NEK law firm: Feds may be monitoring phones and computers

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(Host) A Northeast Kingdom law firm has warned its clients that the federal government may be monitoring its phones and computer equipment.

A lawyer at the firm represents a prisoner at Guantanamo Bay, Cuba. This summer, the lawyer suspected that his phone had been tapped. He recently discovered that his office computer was also hacked into.

VPR’s John Dillon reports:

(Dillon) St. Johnsbury attorney Robert Gensburg normally specializes in tax and estate law. But the veteran attorney has also volunteered to represent clients in Afghanistan and at the U-S prison in Guantanamo Bay, Cuba.

He makes frequent calls to the Middle East. And problems with his phone line surfaced this summer. A Verizon technician investigated and concluded that two lines were somehow crossed.

(Sleigh) “We then though it prudent to have a forensic examination of his office computer network conducted.”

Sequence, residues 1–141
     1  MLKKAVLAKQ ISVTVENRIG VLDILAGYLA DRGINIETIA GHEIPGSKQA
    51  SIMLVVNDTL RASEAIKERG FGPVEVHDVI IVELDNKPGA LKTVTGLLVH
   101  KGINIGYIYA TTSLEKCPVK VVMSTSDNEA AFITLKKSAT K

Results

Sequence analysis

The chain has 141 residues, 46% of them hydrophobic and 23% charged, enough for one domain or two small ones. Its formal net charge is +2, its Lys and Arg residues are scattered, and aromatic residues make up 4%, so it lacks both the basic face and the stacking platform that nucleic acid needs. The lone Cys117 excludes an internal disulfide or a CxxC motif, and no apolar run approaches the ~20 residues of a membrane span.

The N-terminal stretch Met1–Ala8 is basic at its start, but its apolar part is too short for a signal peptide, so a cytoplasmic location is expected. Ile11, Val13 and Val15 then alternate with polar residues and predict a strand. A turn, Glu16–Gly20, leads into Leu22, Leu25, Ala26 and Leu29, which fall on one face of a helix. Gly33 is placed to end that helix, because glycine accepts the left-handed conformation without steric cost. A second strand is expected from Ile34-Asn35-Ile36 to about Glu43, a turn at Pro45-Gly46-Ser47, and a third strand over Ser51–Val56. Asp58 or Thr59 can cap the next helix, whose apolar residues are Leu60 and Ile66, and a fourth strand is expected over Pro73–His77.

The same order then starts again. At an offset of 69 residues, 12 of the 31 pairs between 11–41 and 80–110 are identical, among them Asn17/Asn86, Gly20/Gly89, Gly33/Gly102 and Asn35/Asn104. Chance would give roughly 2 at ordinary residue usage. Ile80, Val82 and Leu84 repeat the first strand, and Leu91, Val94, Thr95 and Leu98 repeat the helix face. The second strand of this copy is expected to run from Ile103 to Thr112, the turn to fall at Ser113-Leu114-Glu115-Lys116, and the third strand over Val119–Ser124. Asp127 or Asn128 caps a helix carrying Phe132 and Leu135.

(Dillon) David Sleigh, Gensburg’s lawyer, explains what happened next.

(Sleigh) “And the forensic examiner informed us that the computer had what he referred to as a backdoor infection that has the capacity to pump out large volumes of documents and emails, and has full capabilities of complete remote control.”

(Dillon) The backdoor program also completely disabled the computer’s anti-virus software. So, with the computer network compromised, Gensburg’s firm told its clients that it can’t guarantee that its communications are confidential.

In a letter from the firm, the three partners say they believe the federal government is responsible.

Sleigh says the investigation continues, and that there may be a more innocent explanation for the computer tampering, such as an infection through routine email.

But given what happened with his client’s phone line, he remains concerned.

(Sleigh) “So we’ve got at least two hard pieces of evidence and we’ve got a brilliant lawyer with an absolutely untarnished reputation for deliberation and caution. You know, to me, those things are starting to add up.”

(Dillon) The problems with Gensburg’s phone first came to light during a Public Service Board hearing last month. The board has opened an investigation into whether Verizon and AT&T compromised consumer privacy by releasing records to the federal government without a search warrant.

The phone companies — and the government — are trying to stop the investigation.

For VPR News, I’m John Dillon in Montpelier.


AP Photo/Alden Pellet

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